The NHL standings have been adjusted to more accurately reflect a team’s success. A few things were done. First, the loss column has been consolidated so that overtime losses are now included in the loss column. That means that won-loss records accurately reflect team success.

The second adjustment relates to the loser point. Each team’s point total has been revised so that a point is not awarded for losing in overtime – be it in the shootout or 4 on 4. A win is a win is a win.

Finally, divisional seating has been eliminated.

Ties in the standings were broken by head-to-head record then goal differential.

Who’s In/Who’s Out

After the adjustments are made, things change dramatically. The clear beneficiaries of the current NHL standings are the Panthers and the Jets.

The Panthers and Kings are out of the playoffs, and the Sabres and Stars are in the post-season. The Panthers record drops to 38-44, one win worse than the Sabres, while the Kings lose two more games than the Stars.

The Panthers drop is most dramatic. With the help of 18 overtime losses and divisional seating, it finished 3rd overall. However, without that help, they drop to 9.

Agreed – the Panthers and Kings deserve to make it under the existing system. However, that is not the point as the criticism is not directed to these teams. Rather, it is directed to a system that allows teams with fewer wins to make the playoffs.

The Playoff Matchups

Here are your current playoff matchups:

East: Rangers/Senators; Bruins/Capitals; Panthers/Devils; Penguins/Flyers
West: Canucks/Kings; Blues/Sharks; Coyotes/Hawks; Wings/Predators

When the adjusted NHL standings are applied, things change dramatically.

East: Penguins/Sabres; Rangers/Senators; Bruins/Capitals; Devils/Flyers
West: Canucks/Stars; Blues/Coyotes; Wings/Sharks; Predators/Hawks

If I’m the Wings and Devils I’m not too happy. Teams generate significant revenue from playoffs games and for that reason they prefer home ice advantage. However, the current NHL standings award home ice advantage to the Panthers (38-44) and Coyotes (42-40) over the Devils (48-34) and the Wings (48-34).

The NHL would have preferred that the Flyers and Penguins both have a chance to advance to the next round. Under the adjusted standings, they do.

NHL Draft

The only clubs with the opportunity to receive the first overall selection in the 2012 draft are the five teams with the lowest regular-season point totals. Those teams are as follows:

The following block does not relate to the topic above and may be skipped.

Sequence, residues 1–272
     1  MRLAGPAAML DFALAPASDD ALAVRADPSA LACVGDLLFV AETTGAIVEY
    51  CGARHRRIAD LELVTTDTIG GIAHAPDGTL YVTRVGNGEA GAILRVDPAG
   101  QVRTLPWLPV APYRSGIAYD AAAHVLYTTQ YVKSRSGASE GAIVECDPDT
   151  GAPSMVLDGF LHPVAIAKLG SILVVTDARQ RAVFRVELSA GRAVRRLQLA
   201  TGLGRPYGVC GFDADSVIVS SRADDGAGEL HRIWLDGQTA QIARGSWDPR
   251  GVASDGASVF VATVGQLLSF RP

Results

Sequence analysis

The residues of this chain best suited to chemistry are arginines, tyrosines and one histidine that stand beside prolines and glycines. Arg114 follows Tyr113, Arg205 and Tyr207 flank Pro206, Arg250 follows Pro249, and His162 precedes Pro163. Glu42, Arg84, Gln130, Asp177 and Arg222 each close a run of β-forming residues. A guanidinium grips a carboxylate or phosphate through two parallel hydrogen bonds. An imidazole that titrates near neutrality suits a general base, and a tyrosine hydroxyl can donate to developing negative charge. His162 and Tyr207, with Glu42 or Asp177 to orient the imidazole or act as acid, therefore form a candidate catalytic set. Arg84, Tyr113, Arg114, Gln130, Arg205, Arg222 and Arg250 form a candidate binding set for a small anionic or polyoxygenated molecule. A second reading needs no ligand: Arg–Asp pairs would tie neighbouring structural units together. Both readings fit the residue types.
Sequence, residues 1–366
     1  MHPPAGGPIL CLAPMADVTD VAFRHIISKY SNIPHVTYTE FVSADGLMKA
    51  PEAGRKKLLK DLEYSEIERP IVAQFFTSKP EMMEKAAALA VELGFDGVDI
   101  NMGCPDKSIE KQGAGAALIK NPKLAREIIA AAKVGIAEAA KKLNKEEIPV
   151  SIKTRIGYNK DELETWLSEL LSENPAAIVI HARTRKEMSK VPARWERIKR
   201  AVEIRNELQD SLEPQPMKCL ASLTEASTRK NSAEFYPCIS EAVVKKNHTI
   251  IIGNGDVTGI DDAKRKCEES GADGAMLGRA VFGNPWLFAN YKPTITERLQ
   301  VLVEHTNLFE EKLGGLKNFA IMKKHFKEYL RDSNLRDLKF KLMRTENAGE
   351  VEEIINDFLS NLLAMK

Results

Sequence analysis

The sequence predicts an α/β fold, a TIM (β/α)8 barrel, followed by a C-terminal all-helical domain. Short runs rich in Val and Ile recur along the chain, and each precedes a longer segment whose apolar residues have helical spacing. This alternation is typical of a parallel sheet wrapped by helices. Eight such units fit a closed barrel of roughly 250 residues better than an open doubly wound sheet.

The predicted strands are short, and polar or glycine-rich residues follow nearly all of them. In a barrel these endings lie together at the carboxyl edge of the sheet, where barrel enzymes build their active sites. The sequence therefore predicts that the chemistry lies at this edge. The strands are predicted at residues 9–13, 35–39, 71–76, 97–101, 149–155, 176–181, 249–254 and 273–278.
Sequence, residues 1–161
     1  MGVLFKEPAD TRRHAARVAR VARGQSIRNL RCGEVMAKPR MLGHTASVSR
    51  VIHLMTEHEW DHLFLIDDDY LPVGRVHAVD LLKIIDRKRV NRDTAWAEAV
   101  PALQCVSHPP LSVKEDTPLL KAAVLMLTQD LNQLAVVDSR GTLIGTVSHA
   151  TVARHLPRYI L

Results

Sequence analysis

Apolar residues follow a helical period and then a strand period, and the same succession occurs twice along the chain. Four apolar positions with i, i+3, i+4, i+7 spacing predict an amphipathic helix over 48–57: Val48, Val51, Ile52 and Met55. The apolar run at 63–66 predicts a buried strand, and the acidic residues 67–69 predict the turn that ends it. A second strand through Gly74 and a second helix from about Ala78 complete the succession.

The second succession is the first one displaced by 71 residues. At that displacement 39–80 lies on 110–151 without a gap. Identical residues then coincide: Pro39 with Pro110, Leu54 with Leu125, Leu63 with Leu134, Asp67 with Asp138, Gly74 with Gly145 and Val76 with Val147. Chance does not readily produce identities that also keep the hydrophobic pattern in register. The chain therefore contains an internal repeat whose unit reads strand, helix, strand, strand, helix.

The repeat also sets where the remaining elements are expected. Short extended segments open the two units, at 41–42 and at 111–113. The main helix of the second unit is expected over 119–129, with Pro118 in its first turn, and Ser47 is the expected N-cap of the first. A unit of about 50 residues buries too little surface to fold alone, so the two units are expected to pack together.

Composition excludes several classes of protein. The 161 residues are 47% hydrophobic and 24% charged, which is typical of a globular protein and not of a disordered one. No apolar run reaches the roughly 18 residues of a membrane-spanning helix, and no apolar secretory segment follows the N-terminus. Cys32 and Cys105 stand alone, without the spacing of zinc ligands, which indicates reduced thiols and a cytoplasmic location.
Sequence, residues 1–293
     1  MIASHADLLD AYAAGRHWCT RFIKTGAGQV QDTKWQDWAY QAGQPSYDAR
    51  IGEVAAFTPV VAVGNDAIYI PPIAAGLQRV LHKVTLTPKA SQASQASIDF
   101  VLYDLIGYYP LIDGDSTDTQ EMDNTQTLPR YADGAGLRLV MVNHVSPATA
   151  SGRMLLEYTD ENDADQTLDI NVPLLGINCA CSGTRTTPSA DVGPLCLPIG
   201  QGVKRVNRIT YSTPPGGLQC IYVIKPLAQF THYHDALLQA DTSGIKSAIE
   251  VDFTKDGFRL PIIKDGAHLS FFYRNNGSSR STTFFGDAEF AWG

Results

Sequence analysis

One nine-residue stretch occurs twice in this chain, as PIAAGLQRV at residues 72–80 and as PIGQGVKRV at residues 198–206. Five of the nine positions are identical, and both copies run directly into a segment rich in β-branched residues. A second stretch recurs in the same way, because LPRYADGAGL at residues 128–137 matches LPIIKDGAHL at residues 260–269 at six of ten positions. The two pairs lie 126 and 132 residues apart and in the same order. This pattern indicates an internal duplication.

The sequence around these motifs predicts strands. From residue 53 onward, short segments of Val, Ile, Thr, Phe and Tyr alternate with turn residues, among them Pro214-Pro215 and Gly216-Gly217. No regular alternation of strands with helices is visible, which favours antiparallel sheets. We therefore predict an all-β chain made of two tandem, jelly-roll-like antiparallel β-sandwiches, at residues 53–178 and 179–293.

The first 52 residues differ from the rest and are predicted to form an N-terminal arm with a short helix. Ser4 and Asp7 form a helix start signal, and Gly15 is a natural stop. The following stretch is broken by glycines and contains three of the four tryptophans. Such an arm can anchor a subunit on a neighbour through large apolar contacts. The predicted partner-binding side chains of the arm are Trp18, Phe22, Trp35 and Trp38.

(1) Blue Jackets, (2) Oilers, (3) Canadiens, (4) Islanders and (5) Leafs

However, with the NHL standings adjusted, the top five changes to the following:

(1) Blue jackets, (2) Canadiens, (3) Oilers, (4) Carolina and (5) Islanders

So the Leafs (35-47) are out of the top 5, and the Hurricanes (33-49) are in. As well, the Canadiens move up and the Islanders and Oilers slide down in the draft order.

The Adjusted Standings Are Closer

We’ve heard that the loser point keeps the standings close, thereby ensuring that fans stay interested. However, as you will notice, the adjusted standings remain close.

In fact, they are closer where it matters – at the bottom.

Without the adjustments, the Sabres are 3 points out of a playoff spot, and Tampa and Winnipeg are 8 points out. With the adjusted standings, Tampa and Florida are 2 points out, and the Jets are 4 points out.

In the West, the Flames are 5 out, the Stars are 6 out and the Avalanche are 7 points out. With the adjusted standings, the Avalanche are 2 points out, the Kings 4 and the Flames 6.

Overall, the adjusted (or real) NHL standings make good sense. They are intuitive, reward merit and keep the standings close. As a sports fan, that’s all you can ask for.

Saturday, April 7, 2012

The CBA, Tortorella's Fine & Why He's Good For Business

New York Rangers head coach John Tortorella has been fined $20,000 for comments following a game against the Penguins.

Tortorella was slightly upset when Penguins defenceman Brooks Orpik hit Rangers forward Derek Stepan knee-on-knee in the game’s final five minutes.

“It’s a cheap, dirty hit,” Tortorella said to reporters after the game. “I wonder what would happen if we did it to their two whining stars over there. I wonder what would happen. So I’m anxious to see what happens with the league over this. Just no respect among players. None. It’s sickening.”